Making Digital Marks on Medieval Manuscripts
Edited By Tamsyn Mahoney-Steel
Chapter 3. Teaching with Digital Annotation Tools
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TEACHING WITH DIGITAL ANNOTATION TOOLS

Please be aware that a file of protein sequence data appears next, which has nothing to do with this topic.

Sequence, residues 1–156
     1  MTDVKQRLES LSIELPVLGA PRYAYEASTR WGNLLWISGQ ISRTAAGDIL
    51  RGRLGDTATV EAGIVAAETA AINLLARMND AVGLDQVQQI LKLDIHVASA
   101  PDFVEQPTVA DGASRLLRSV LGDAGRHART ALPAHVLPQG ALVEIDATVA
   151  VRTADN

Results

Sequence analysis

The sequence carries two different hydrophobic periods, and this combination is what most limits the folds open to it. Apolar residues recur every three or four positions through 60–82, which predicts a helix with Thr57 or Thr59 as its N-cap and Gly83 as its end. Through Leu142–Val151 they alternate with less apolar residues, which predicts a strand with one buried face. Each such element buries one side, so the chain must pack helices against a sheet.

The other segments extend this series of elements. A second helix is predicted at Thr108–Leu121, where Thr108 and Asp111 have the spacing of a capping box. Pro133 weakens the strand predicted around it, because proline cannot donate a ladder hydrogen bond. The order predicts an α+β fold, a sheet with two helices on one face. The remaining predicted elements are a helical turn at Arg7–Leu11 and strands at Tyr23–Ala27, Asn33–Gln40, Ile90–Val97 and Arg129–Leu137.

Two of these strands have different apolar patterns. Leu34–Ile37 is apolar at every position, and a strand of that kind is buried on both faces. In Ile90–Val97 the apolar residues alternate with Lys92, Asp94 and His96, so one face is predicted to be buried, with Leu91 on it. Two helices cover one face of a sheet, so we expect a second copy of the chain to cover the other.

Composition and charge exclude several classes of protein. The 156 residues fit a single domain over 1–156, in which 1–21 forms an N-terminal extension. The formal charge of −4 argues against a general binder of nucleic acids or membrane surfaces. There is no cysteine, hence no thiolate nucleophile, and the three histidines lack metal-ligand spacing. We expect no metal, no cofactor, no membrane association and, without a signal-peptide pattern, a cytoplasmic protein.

Over the past few years, I have taught a course entitled Guillaume de Machaut: Exploring Medieval Authorship in the Digital Age. Machaut sits at a critical juncture in late-medieval literary and musical culture. Drawing on the works and familiar tropes of the past, he also innovated with that material and influenced later generations, too, including Christine de Pizan, Eustache Deschamps, Geoffrey Chaucer, and the Humanist movement.1 As such, my students were not merely studying the works of Machaut in isolation but also gaining an appreciation of his network of authority and—to some extent—the ramifications of historical and political events upon his work. Of course, contextualizing an author’s output should always be an important part of teaching literature; however, Machaut offers a particularly interesting case of how an author shapes his own identity on the cusp of modernity. His authorial identity has been explored in great depth, in particular by Kevin Brownlee, Deborah McGrady, and R. Barton Palmer.2 Over the latter half of the twentieth century, interest in medieval literature has been reinvigorated and in general opinion has shifted away from the kinds of attitudes we saw in Huizinga’s The Autumn of the Middle Ages, whereby the cultural output of the fourteenth and fifteenth centuries was seen as stale, unimaginative, and repetitive. At one point, Huizinga notes, “[i]t is very difficult to pierce the clouds of poetry and to penetrate to the ← 55 | 56...
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